EDITOR NOTE: Gold is looking to challenge its 2011 highs, breaking above $1,900 an ounce, according to Bank of America. Some banks forecast a $3,000 target; other analysts see a higher price target. Aside from these forecasts, the idea of gold challenging $1,900 doesn’t seem as improbable now as it once did when gold hit its 2015 lows. The coronavirus pandemic has a lot to do with the current demand for safe haven assets. That much is obvious. But the “practical” aspect of holding gold (and silver for that matter) never seems obvious until it's too late. We’ve said this before, countless times, in fact. Well, would it be inappropriate to say, “we told you so”?
Gold's rally over recent weeks sets it up to post record-highs before the year is out, Bank of America said in a Tuesday note.
The precious metal is up 17% year-to-date, thriving on investors betting the coronavirus will drive a prolonged recession. Gold's trading range now sets a breakout level at $1,900, the firm said. Should traders continue to flock to the popular safe haven, it stands to keep gaining through the end of the year.
"The breakout occurring now that is ending Q2 completes an eight week trading range that has resumed higher," Paul Ciana, technical strategist at Bank of America, wrote. "These patterns say gold can make a new all-time high in [the second half of 2020] with Q3 on our mind."
Gold reached its highest point since early 2012 on Wednesday as rising COVID case counts fueled fresh recession fears. Though the metal slumped through March as the coronavirus pandemic prompted indiscriminate selling, it was one of the first assets to retrace its year-to-date losses. April's sharp rally slowed and set the stage for Bank of America's projected run-up.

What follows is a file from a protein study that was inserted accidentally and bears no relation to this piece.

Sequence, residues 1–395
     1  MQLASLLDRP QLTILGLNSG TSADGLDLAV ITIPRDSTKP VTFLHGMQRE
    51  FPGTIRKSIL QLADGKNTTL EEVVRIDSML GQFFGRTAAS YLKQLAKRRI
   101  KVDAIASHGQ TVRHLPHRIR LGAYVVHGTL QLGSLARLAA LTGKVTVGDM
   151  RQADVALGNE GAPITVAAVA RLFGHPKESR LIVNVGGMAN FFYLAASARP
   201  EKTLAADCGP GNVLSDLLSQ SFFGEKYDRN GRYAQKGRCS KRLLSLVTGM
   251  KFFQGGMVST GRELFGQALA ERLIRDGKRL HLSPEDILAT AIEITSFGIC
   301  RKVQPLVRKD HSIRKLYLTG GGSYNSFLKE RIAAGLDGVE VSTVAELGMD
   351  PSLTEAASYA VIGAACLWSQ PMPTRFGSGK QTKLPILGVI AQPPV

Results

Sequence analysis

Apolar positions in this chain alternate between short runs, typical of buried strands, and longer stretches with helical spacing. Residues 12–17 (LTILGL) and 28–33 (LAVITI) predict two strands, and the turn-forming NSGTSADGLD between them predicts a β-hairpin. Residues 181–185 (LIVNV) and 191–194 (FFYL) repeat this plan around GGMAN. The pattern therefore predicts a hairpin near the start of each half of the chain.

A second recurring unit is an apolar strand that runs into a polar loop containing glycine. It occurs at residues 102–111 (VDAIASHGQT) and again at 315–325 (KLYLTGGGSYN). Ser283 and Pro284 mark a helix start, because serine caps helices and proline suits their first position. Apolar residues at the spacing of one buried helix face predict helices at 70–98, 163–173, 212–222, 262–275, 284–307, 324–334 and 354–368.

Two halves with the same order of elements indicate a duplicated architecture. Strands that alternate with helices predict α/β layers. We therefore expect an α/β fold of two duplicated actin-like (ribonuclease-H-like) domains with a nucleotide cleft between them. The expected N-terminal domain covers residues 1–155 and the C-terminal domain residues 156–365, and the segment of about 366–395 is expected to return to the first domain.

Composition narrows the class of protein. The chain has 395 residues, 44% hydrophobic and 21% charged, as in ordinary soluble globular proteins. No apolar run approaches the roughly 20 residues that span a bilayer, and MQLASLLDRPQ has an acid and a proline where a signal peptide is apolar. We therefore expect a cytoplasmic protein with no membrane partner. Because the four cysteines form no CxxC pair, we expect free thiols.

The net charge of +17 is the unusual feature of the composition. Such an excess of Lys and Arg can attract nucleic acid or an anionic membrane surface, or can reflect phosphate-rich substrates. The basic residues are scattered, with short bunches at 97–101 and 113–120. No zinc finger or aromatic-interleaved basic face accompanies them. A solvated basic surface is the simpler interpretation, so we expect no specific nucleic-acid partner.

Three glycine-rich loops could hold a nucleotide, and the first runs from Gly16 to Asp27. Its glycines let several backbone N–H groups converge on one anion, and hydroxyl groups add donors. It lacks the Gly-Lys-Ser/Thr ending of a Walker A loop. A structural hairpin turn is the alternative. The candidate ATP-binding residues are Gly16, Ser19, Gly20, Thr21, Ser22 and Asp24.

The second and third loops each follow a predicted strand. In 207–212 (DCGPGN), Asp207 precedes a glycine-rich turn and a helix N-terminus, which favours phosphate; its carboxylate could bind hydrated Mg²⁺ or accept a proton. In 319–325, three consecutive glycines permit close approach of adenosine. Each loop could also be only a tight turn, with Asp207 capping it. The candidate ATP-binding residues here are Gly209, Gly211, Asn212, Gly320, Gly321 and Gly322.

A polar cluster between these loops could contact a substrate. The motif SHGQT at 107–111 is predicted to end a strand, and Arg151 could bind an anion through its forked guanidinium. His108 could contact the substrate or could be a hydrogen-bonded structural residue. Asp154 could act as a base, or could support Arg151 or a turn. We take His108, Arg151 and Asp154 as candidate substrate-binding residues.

The consolidated trading range seen throughout May and June gave gold "time to cool off" and allowed net non-commercial positioning to fall from record highs, Bank of America said.
Gold currently trades at roughly $1,770 per ounce, and the $1,800 threshold serves as its next major challenge. When prices peaked in 2011, that level was challenged three times to no avail. Passing $1,800 "would be meaningful," Ciana said.
A major safe-haven pivot might not be enough to prompt such a rally, the analyst added. Gold is investors' third most popular risk-off asset, falling behind 10-year Treasury notes and put options against the S&P 500. A separate Bank of America survey deemed gold the fourth most-crowded trade behind Treasurys, cash, and tech stocks. While sentiment shifts risk ending the precious metal's upswing, Ciana expects trade tensions, near-zero interest rates, and reopening risks to boost gold's appeal.
Gold traded at $1,773.46 per ounce as of 11:15 a.m. ET Wednesday.
Originally posted on Business Insider